METHODS: Resting-state functional magnetic resonance imaging (rs-fMRI) data of 39 SCZ, 43 BD-I, and 61 healthy controls from the Consortium for Neuropsychiatric Phenomics dataset were examined. The cerebellum was parcellated into ten functional networks, and seed-based FC was calculated for each cerebellar system. Principal component analyses were used to reduce the dimensionality of the diagnosis-related FC and cognitive variables. Multiple regression analyses were used to assess the relationship between FC and cognitive and clinical data.

RESULTS: We observed decreased cerebellar FC with the frontal, temporal, occipital, and thalamic areas in individuals with SCZ, and a more widespread decrease in cerebellar FC in individuals with BD-I, involving the frontal, cingulate, parietal, temporal, occipital, and thalamic regions. SCZ had increased within-cerebellum and cerebellar frontal FC compared to BD-I. In BD-I, memory and verbal learning performances, which were higher compared to SCZ, showed a greater interaction with cerebellar FC patterns. Additionally, patterns of increased cortico-cerebellar FC were marginally associated with positive symptoms in patients.

CONCLUSIONS: Our findings suggest that shared and distinct patterns of cortico-cerebellar dysconnectivity in SCZ and BD-I could underlie cognitive impairments and psychotic symptoms in these disorders.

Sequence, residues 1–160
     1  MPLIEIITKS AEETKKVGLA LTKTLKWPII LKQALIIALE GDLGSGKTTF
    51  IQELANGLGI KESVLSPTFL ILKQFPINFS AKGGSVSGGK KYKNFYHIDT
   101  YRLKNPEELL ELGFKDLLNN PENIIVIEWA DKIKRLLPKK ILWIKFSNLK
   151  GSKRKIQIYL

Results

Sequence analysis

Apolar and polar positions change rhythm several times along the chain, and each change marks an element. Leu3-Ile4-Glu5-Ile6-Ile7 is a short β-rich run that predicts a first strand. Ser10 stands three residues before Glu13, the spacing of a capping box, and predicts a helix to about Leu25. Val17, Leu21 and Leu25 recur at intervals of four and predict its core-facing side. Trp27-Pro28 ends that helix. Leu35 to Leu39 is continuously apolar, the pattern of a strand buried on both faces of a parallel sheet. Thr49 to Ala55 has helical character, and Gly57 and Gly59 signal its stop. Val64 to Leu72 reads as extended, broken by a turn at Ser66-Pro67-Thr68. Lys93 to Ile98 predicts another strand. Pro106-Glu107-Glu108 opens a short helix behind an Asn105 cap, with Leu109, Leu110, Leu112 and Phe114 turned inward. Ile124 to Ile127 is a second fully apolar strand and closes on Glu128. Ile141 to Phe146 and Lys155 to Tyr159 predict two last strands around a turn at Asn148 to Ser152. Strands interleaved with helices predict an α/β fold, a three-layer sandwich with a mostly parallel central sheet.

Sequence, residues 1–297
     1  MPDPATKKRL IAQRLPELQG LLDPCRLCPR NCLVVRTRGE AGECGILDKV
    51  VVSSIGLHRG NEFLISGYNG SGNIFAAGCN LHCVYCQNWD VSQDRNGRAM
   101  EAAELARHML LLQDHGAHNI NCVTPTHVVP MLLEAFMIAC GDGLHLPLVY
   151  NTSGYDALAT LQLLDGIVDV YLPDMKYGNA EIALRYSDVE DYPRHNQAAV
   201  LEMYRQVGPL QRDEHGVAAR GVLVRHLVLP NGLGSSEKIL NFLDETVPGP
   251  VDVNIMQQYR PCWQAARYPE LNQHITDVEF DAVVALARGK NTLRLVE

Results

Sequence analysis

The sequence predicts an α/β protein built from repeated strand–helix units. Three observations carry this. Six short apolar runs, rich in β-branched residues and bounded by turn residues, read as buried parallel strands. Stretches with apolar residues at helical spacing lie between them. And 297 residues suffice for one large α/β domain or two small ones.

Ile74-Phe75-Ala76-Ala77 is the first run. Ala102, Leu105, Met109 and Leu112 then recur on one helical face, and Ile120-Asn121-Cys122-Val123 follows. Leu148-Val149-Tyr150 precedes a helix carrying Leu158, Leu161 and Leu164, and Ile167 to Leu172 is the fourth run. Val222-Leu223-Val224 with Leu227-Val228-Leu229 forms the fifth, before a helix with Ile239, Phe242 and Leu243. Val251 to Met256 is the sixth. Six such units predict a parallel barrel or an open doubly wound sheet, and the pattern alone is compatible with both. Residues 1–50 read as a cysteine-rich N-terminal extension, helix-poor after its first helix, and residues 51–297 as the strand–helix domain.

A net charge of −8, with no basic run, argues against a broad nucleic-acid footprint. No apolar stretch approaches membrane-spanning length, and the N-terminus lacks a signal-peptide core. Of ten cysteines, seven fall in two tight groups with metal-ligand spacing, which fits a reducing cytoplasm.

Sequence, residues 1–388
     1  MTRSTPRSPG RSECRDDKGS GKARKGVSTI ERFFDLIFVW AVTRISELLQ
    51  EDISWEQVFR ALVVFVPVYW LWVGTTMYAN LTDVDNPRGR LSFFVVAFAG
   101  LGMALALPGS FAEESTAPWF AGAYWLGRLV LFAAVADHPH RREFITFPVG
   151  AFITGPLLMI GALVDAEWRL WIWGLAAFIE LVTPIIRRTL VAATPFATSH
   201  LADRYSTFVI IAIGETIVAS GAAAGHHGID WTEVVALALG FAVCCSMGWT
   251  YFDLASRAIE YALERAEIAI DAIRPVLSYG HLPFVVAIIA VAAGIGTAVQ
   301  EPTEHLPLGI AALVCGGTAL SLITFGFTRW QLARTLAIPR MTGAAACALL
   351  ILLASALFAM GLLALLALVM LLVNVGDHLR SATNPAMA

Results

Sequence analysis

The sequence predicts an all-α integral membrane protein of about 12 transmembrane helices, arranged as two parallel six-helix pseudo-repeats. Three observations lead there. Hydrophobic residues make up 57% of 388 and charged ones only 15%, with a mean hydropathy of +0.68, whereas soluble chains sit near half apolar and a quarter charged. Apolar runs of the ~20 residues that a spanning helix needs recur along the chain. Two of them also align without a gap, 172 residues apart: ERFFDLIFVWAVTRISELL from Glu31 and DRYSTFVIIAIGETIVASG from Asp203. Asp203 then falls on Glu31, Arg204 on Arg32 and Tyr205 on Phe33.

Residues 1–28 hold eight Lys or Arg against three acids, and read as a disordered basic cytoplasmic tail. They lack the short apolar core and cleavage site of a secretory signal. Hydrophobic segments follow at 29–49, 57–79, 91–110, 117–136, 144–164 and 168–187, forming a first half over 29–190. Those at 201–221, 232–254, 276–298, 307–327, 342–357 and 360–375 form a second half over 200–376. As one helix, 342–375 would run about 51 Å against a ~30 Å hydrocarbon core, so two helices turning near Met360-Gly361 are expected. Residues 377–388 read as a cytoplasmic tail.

PMID:38582653 | DOI:10.1016/j.schres.2024.03.039

Connecting the dots: Motor and default mode network crossroads in post-stroke motor learning deficits

Fri, 04/05/2024 - 18:00

Neuroimage Clin. 2024 Apr 2;42:103601. doi: 10.1016/j.nicl.2024.103601. Online ahead of print.


BACKGROUND: Strokes frequently result in long-term motor deficits, imposing significant personal and economic burdens. However, our understanding of the underlying neural mechanisms governing motor learning in stroke survivors remains limited - a fact that poses significant challenges to the development and optimisation of therapeutic strategies.

OBJECTIVE: This study investigates the diversity in motor learning aptitude and its associated neurological mechanisms. We hypothesised that stroke patients exhibit compromised overall motor learning capacity, which is associated with altered activity and connectivity patterns in the motor- and default-mode-network in the brain.

METHODS: We assessed a cohort of 40 chronic-stage, mildly impaired stroke survivors and 39 age-matched healthy controls using functional Magnetic Resonance Imaging (fMRI) and connectivity analyses. We focused on neural activity and connectivity patterns during an unilateral motor sequence learning task performed with the unimpaired or non-dominant hand. Primary outcome measures included task-induced changes in neural activity and network connectivity.